At this point in time, most group business is self-funded.  Kaiser Family Foundations’ 2011 Employer Health Benefits survey found 60% of employees were in self-funded plans, up from 49% in 2000.  Over 80% of employees in firms with 200 or more employees are in self-funded plans.   I.e., to the extent they can, employers have made rational business decisions not to subsidize anyone they don’t have to.

Why anyone would believe employers would not act the same way once some employers start dropping their health plans is beyond me. 

Employers have invested a lot in their current health plans.  They have shown much thought leadership in driving changes to both insurers and providers, but the auto and steel industries, to pick two, have shown us how legacy health costs can hamper domestic and local competitiveness.  Right now, not offering health plans is a huge disadvantage in attracting and retaining employees; Deloitte’s survey shows over 80% of employers cite attracting/retaining employees as a key reason for offering health benefits.  However, it would only take a few bellwether employers to start dropping coverage to start a rush by other employers for a similar exit.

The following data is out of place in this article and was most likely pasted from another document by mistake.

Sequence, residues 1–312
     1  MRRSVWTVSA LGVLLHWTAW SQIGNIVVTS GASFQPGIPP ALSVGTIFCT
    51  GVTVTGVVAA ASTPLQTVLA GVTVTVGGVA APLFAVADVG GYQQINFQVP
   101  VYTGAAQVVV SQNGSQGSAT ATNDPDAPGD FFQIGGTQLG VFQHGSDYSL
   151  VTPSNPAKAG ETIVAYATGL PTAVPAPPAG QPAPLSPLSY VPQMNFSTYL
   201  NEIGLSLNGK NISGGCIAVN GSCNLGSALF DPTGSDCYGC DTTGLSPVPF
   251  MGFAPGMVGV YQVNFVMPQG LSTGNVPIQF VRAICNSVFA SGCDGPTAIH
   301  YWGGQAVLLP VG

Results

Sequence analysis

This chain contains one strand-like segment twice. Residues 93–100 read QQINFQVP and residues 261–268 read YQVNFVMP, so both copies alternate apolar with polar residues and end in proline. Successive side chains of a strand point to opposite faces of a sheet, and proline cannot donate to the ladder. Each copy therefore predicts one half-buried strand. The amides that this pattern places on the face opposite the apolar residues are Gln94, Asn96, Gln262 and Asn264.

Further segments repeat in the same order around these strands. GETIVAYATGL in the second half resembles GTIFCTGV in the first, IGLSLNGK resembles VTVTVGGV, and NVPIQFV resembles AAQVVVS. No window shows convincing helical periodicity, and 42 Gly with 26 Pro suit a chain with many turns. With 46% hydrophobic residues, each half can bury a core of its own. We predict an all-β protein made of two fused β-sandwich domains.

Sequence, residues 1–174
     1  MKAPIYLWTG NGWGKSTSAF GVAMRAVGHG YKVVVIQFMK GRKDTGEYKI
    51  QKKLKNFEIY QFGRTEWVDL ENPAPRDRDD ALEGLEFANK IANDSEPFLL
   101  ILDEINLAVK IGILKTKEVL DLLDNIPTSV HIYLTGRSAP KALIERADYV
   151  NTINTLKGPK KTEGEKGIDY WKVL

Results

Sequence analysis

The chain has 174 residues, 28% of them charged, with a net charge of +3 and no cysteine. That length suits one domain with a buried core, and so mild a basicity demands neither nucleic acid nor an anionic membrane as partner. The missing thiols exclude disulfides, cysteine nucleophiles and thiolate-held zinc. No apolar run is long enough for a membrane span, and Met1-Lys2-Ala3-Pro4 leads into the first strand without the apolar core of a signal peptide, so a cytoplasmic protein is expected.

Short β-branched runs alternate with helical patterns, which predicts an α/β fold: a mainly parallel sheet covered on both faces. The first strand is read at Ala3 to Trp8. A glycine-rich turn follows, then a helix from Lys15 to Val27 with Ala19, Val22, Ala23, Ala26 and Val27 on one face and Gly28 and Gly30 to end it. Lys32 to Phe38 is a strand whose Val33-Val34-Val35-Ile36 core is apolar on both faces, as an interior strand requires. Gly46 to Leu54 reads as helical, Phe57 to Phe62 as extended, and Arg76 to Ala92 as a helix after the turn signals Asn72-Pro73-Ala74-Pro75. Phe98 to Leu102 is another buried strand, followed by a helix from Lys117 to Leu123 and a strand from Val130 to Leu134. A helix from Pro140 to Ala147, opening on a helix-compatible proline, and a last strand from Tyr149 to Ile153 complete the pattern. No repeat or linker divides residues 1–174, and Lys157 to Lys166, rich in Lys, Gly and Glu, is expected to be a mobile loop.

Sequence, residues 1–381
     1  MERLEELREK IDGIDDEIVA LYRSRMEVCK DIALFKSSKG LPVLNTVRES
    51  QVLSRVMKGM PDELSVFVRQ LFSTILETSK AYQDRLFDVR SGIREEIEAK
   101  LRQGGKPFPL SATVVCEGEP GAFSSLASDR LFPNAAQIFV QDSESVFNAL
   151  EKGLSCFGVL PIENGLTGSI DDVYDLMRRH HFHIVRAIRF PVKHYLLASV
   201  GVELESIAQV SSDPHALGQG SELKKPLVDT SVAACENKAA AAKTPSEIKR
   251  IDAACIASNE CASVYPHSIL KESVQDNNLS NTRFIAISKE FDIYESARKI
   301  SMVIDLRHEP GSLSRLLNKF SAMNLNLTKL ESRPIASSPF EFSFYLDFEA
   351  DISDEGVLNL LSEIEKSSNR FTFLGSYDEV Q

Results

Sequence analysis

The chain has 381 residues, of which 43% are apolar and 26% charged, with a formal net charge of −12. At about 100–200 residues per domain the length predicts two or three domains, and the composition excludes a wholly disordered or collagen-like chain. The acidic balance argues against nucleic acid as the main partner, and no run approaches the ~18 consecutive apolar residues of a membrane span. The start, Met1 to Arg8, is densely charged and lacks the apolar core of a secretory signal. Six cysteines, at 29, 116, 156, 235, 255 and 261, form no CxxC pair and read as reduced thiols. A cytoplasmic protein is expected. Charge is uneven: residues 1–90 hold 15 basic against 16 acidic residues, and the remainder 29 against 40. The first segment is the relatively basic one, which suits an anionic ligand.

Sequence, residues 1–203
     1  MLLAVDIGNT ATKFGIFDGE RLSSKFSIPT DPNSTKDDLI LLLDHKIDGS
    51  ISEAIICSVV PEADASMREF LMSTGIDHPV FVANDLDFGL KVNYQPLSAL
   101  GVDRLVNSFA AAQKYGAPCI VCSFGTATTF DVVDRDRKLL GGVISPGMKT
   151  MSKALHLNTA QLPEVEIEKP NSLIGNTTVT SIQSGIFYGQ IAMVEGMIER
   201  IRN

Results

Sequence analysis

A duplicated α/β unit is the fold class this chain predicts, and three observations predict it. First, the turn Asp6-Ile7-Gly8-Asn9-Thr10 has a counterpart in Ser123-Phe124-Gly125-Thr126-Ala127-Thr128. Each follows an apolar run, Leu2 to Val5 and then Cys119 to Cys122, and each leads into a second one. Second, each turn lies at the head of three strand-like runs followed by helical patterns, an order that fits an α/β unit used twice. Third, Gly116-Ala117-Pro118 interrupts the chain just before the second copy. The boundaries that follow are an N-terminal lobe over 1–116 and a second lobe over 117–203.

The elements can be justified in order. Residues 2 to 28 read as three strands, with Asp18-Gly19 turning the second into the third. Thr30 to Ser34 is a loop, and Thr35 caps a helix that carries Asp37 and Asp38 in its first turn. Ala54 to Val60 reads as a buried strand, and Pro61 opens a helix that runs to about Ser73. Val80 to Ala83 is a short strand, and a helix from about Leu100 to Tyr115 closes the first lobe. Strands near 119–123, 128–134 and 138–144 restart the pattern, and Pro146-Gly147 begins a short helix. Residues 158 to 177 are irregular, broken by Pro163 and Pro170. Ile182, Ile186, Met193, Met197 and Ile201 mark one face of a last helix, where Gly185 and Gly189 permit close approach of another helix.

Employer coverage still has the advantage of the tax preference, plus the fact is that the health insurance exchanges are not up and running and the individual market is not yet reformed or robust.  Come 2014 or 2015, though, the exchanges may be a more appealing option, especially for smaller employers, and if anyone believes the tax preference will survive as is in the coming deficit reduction wars, well, good luck with that.

People aren’t going to keep their current health plan.  Many poor people will still not be protected by Medicaid.  We will still have some 30 million uninsured.  And we’re still not getting good value for our exorbitant health care spending.  Until that problem is solved, everyone’s coverage is in danger.